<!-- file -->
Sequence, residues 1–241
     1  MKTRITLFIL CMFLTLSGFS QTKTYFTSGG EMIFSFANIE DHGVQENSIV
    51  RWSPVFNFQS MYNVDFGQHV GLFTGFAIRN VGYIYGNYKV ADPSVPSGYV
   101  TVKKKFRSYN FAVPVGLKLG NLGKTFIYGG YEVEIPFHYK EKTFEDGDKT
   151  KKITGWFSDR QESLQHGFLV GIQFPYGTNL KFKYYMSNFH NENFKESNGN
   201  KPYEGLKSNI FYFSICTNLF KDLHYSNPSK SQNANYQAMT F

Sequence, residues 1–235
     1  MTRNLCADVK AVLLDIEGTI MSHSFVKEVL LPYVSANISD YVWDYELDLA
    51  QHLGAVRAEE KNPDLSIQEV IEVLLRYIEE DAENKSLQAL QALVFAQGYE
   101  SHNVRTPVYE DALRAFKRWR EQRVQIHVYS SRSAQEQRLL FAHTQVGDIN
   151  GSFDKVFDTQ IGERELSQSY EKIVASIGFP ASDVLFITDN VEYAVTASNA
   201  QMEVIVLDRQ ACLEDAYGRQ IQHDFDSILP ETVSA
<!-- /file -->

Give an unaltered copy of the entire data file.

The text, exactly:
Sequence, residues 1–241
     1  MKTRITLFIL CMFLTLSGFS QTKTYFTSGG EMIFSFANIE DHGVQENSIV
    51  RWSPVFNFQS MYNVDFGQHV GLFTGFAIRN VGYIYGNYKV ADPSVPSGYV
   101  TVKKKFRSYN FAVPVGLKLG NLGKTFIYGG YEVEIPFHYK EKTFEDGDKT
   151  KKITGWFSDR QESLQHGFLV GIQFPYGTNL KFKYYMSNFH NENFKESNGN
   201  KPYEGLKSNI FYFSICTNLF KDLHYSNPSK SQNANYQAMT F

Sequence, residues 1–235
     1  MTRNLCADVK AVLLDIEGTI MSHSFVKEVL LPYVSANISD YVWDYELDLA
    51  QHLGAVRAEE KNPDLSIQEV IEVLLRYIEE DAENKSLQAL QALVFAQGYE
   101  SHNVRTPVYE DALRAFKRWR EQRVQIHVYS SRSAQEQRLL FAHTQVGDIN
   151  GSFDKVFDTQ IGERELSQSY EKIVASIGFP ASDVLFITDN VEYAVTASNA
   201  QMEVIVLDRQ ACLEDAYGRQ IQHDFDSILP ETVSA